he gave] The tenses in vv. 4 7 express repeated action: "he used to give her adversary used to provoke her." portions] Of the victims sacrificed. Cp. ix. 23. 5. a zvorthy porlio7i\ Lit., one portion for two persons: a double portion. If the text is sound, this seems to be tlie best explanation of an obscure expression. Elkanah marked his love for Hannah by giving her a double portion. Similarly Joseph distinguished Benjamin by sending him a fivefold portion (Gen. xliii. 34). But the Sept. points to a different reading which would give the following sense "And to Hannah he gave a single portion, because she had no child: nevertheless Elkanah loved Hannah most but the Lord had shut up her womb." had shut itp her ivomb] Hannah's faith might have been strengthened by the recollection that Sarah (Gen. xvi. i), Rachel (Gen. xxx. i), Manoah's wife (Jud. xiii. 2), all had to bear the reproach of childlessness for a time, and all eventually bore illustrious sons. her adveisarv] Peninnah. The cognate verb is used in Lev. 6. xviii. 18, "Thou shalt not take a wife to her sister to vex her." as he did so] Peninnah's spitefulness was evoked by the display 7. of Elkanah's affection. Exultation at another's misfortune is one of the most detestable forms of malice. did not eat] Refused to take any part in the rejoicings of the sacri: :

ficial feast.

8.

better to thee

than ten sons]

Cp. Ruth

iv.

15.

9.

Hannah's Prayer and its answer. So Hannah rose tip] Simply And. Hannah left the
9

— 20.

feast

for

which she had not heart, and went to pray. Eli the priest] Eli belonged to the house of Ithamar Aaron's fourth

vv. lo, II.]

.

I.

SAMUEL,

I.

47

by a post of the temple of the Lord, And she luas in lo bitterness of soul, and prayed unto the Lord, and wept And she vowed a vow, and said, O Lord of hosts, n sore. if thou wilt indeed look on the affliction of thine handmaid, and remember me, and not forget ihine handmaid, but wilt give unto thine handmaid a man child, then I will give him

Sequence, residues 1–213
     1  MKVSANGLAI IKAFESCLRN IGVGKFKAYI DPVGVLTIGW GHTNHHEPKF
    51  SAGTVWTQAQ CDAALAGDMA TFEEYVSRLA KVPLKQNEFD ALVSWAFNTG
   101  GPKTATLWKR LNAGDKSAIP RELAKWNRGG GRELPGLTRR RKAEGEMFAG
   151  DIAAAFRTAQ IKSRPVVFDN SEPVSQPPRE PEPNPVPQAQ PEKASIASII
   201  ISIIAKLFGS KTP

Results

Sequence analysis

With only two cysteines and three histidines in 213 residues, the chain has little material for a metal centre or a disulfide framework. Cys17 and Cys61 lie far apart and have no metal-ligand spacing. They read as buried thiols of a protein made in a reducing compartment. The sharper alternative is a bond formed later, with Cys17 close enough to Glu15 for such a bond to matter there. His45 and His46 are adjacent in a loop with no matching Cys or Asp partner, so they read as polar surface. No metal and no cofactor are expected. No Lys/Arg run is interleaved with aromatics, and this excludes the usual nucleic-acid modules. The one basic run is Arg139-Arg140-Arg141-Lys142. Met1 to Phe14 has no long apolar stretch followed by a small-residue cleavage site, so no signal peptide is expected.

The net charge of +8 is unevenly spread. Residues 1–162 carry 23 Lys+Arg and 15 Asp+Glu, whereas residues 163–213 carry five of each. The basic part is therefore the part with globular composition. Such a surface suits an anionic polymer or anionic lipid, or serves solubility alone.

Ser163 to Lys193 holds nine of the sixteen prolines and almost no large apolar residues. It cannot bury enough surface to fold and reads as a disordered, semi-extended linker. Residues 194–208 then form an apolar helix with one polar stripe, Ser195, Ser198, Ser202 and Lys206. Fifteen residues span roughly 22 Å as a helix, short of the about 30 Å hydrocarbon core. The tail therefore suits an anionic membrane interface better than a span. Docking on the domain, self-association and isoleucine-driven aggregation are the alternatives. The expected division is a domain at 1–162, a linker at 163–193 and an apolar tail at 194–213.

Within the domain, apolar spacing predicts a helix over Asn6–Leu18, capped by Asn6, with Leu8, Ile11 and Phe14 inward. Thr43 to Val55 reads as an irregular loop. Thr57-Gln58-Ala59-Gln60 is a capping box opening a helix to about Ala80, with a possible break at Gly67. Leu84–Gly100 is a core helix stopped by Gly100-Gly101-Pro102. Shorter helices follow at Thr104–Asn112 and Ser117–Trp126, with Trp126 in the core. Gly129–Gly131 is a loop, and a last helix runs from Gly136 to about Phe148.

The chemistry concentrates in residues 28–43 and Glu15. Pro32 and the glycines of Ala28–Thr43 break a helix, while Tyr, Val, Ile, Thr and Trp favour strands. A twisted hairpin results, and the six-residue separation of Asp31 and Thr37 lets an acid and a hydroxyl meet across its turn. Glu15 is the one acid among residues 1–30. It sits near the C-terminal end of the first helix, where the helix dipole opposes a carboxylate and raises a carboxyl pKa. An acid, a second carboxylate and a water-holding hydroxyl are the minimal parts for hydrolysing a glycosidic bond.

from a comparison of i Chr. xxiv. 3 with 2 Sam. viii. 17 27, and from the omission of his name in the geneThe last high-priest mentioned 15. alogy of Eleazar in I Chr. vi. 4 before him was Phinehas the son of Eleazar (Jud. xx. 28) but when or why the succession passed into the family of Ithamar, we are not told. The office did not return to the line of Eleazar until Solomon deposed Abiathar in fulfilment of the doom pronounced upon the house of Eli, and appointed Zadok in his place (i Kings ii. 27). Eli united the offices of Priest and Judge. upon a scat by a post of the tt'iiiple] Rather, "upon the seat (or, Ms "The sanctuary itself was so seat) by the doorpost of the temple." encased with buildings, as to give it the name and appearance of 'a house' or 'temple.' There was a gateway with a seat inside the doorIt was 'the seat' or 'throne' of the posts or pillars which supported it. Here Eli sat ruler or judge, as afterwards in the Palace of Solomon. on days of religious or political solemnity, and surveyed the worshippers as they came up the eminence on which the sanctuary was placed." Stanley's Lectures on the Jewish Church, I. 321. The Heb." word denotes a spacious and stately building: the templel hence [a] a royal palace: (b) the temple: (<r) heaven, as the true temple It is applied to the tabernacle only here and in iii. 3, and of Jehovah. Its use in the present passage may indicate that possibly in Ps. v. 7. the book was written at a time when the religious nomenclature had been coloured by the construction of Solomon's temple. vowed a vow] The law of vows, with special limitations in the 11. case of married women, is given in Num. xxx. The rendering of the LXX. look on the affliction of thine handmaid] "If thou wilt indeed regard the low estate of thine handmaiden" {Vav iiri^Xiwcji' eTn.^\e\prjs ewl ttjv raTreivtjoaiv r^s 5ov\7]s <rov) gives the words adopted by the Virgin Mary (Luke i. 48). / 7vill giTC him] The vow is twofold, involving (i) the lifelong consecration of the child to the service of Jehovah, for as a Levite he would serve from the age of 25 or 30 to 50 only, and very possibly at this time many Levites, e.g. Elkanah himself, had no official duties: (2) the special Nazirite vow, the characteristics of which were (a) abstinence from intoxicating drinks, as an act of self-denial and a protest against sensual indulgence [b) the free growth of the hair, symbolizing apparently the comjalete dedication of all the man's powers to Jehovah: (c) the avoidance of defdement by a dead body, as a token of absolute purity of life. See Num. vi. The vow was usually taken for a limited time